Mozilla, Microsoft, Amazon, Google, and Others Form 'Alliance For Open Media' 99

BrianFagioli tips news that Mozilla, Microsoft, Google, Cisco, Intel, Amazon, and Netflix are teaming up to create the Alliance for Open Media, "an open-source project that will develop next-generation media formats, codecs and technologies in the public interest." Several of these companies have been working on this problem alone: Mozilla started Daala, Google has VP9 and VP10, and Cisco just recently announced Thor. Amazon and Netflix, of course, are major suppliers of online video streaming, so they have a vested interested in royalty-free codecs. They're inviting others to join them — the more technology and patents they get on their side, the less likely they'll run into the issues that Microsoft's VC-1 and Google's VP8 struggled with. "The Alliance will operate under W3C patent rules and release code under an Apache 2.0 license. This means all Alliance participants are waiving royalties both for the codec implementation and for any patents on the codec itself."
Your Rights Online

Analysis Reveals Almost No Real Women On Ashley Madison 450

gurps_npc writes: Ashley Madison claimed to have about 31 million men and 5.5 million woman enrolled. Those odds are not good for the men, 6:1. But unfortunately, most of those 'women' were fake. This researcher analyzed the data and found only 12,000 actual, real women using Ashley Madison. That means for every 7750 men, there were 3 women. There are reports that Ashley Madison paid people to create fake female profiles. Their website admits that 'some of the users may be there for "entertainment purposes."' The article itself is well written, including a description of the analysis. A charitable person would say that Ashley Madison was selling a fantasy, not reality. But a realist would say Ashley Madison is just a thief stealing money from lonely, unhappy men.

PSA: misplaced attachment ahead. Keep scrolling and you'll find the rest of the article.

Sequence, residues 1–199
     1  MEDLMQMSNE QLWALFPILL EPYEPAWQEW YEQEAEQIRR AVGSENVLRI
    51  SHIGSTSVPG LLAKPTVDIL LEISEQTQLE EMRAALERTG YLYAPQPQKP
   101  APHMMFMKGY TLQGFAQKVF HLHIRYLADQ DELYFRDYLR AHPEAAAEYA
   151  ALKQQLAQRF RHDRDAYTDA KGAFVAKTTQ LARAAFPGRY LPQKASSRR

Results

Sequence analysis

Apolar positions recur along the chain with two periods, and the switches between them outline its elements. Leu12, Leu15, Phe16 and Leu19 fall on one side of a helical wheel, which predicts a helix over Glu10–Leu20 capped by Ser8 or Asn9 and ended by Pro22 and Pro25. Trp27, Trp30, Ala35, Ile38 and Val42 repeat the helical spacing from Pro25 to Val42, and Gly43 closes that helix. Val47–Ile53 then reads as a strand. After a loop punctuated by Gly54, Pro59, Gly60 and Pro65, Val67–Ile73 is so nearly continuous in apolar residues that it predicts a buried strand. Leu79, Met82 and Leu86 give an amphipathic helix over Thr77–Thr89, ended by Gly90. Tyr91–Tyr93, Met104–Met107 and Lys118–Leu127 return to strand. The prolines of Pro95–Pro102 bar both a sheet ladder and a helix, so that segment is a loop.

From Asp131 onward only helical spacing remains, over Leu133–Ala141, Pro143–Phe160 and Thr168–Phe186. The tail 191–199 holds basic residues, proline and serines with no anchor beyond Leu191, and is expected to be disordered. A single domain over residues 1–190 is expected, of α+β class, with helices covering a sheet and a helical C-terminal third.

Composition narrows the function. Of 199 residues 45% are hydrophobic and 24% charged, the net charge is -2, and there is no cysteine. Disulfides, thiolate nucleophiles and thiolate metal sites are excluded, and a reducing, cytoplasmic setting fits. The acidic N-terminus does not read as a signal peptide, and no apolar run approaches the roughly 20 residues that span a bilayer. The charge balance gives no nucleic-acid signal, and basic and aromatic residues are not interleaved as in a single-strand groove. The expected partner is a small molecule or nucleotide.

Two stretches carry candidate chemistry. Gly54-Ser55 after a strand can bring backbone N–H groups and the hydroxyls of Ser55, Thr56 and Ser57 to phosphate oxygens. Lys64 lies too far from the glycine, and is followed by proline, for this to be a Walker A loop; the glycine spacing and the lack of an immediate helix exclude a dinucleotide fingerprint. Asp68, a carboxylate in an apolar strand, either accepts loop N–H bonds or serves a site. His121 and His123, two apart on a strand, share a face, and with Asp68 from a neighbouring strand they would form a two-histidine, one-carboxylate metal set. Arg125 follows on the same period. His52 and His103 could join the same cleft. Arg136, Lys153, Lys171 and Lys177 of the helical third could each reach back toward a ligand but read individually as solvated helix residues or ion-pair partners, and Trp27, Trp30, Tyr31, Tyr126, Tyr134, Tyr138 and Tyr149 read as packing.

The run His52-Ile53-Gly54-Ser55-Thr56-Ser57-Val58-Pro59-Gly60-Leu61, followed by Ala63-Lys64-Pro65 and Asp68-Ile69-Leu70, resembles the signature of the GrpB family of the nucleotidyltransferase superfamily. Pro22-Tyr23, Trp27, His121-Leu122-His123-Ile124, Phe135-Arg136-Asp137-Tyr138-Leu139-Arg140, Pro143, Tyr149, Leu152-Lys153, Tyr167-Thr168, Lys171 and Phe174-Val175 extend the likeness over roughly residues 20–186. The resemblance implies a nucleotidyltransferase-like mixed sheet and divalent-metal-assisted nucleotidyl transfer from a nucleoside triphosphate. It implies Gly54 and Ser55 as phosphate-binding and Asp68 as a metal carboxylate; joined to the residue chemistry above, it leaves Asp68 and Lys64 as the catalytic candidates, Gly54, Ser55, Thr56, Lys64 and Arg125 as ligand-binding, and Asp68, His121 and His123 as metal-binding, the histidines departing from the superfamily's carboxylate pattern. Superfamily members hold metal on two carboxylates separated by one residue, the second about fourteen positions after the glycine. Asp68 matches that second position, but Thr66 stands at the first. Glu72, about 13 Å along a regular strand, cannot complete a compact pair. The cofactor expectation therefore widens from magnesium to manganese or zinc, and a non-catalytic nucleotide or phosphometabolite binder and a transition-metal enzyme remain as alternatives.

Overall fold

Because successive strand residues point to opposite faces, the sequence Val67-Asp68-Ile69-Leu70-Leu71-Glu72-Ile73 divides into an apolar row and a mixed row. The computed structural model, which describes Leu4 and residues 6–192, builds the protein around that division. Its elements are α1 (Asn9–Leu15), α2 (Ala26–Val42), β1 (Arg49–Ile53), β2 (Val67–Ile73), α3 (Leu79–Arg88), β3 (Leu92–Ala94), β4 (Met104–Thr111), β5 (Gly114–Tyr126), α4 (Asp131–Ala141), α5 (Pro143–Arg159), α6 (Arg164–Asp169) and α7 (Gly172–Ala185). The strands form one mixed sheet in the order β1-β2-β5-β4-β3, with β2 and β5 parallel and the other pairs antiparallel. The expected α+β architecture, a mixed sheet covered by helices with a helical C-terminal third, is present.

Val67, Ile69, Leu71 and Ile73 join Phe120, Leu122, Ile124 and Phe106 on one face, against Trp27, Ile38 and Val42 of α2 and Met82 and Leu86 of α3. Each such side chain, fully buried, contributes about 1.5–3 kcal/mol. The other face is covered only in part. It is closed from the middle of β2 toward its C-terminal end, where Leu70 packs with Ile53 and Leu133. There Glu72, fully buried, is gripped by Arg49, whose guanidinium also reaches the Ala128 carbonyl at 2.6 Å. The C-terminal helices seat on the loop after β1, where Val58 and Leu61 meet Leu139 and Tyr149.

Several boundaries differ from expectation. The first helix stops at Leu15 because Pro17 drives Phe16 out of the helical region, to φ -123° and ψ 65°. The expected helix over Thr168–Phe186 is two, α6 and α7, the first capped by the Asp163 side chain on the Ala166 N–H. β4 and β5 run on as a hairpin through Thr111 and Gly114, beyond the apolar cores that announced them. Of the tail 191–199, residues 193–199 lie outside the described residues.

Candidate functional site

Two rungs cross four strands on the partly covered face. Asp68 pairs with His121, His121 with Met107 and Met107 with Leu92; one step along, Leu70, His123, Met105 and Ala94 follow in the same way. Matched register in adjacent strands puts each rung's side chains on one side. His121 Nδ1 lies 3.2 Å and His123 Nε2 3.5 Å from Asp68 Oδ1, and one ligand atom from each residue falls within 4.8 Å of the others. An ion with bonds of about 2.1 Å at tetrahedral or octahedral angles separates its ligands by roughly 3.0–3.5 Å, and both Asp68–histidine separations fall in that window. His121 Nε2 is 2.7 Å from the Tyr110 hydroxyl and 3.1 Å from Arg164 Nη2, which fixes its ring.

Hugos Refuse To Award Anyone Rather Than Submit To Fans' Votes 1044

An anonymous reader writes: You may remember way back in April there was a bit of a kerfuffle over the nominees for the Hugo Awards being "too conservative" based on a voting campaign organized by a group of science fiction fans who wanted to promote hard science fiction over more recent nominees. This was spun as conservatives "ruining" a "progressive" award. The question was left: would the final voters of the Hugo awards accept these nominees, or just take their ball home and refuse to give out anyway awards at all? The votes are in and we know the answer now: they'd rather just not give out any awards. (Wired has a slightly different slant on the process as well as the outcome of this year's awards.)

Comment Re:Seems like stockholders... (Score 1) 235

Except that the stockholders still own stock in a company going in all those directions.

I think this is more about Larry and Sergey putting a trusted lieutenant in charge of the stuff they're a little bored with, so he can focus on that stuff, while they get to focus their attention on other more new and interesting (to them) stuff.

Dinosaurs aren't extinct. They've just learned to hide in the trees.